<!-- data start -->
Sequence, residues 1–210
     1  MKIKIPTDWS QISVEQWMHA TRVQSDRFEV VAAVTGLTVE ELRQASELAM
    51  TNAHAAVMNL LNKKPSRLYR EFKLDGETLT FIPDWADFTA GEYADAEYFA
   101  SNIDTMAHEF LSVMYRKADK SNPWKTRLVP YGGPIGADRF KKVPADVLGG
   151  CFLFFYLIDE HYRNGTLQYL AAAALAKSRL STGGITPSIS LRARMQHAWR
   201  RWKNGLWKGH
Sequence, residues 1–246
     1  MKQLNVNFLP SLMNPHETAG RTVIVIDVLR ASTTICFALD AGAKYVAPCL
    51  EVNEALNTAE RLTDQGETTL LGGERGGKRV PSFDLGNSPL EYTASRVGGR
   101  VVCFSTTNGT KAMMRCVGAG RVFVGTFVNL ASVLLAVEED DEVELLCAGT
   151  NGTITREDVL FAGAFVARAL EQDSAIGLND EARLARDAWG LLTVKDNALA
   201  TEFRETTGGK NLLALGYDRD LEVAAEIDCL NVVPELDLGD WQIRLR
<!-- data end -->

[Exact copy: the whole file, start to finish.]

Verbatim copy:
Sequence, residues 1–210
     1  MKIKIPTDWS QISVEQWMHA TRVQSDRFEV VAAVTGLTVE ELRQASELAM
    51  TNAHAAVMNL LNKKPSRLYR EFKLDGETLT FIPDWADFTA GEYADAEYFA
   101  SNIDTMAHEF LSVMYRKADK SNPWKTRLVP YGGPIGADRF KKVPADVLGG
   151  CFLFFYLIDE HYRNGTLQYL AAAALAKSRL STGGITPSIS LRARMQHAWR
   201  RWKNGLWKGH
Sequence, residues 1–246
     1  MKQLNVNFLP SLMNPHETAG RTVIVIDVLR ASTTICFALD AGAKYVAPCL
    51  EVNEALNTAE RLTDQGETTL LGGERGGKRV PSFDLGNSPL EYTASRVGGR
   101  VVCFSTTNGT KAMMRCVGAG RVFVGTFVNL ASVLLAVEED DEVELLCAGT
   151  NGTITREDVL FAGAFVARAL EQDSAIGLND EARLARDAWG LLTVKDNALA
   201  TEFRETTGGK NLLALGYDRD LEVAAEIDCL NVVPELDLGD WQIRLR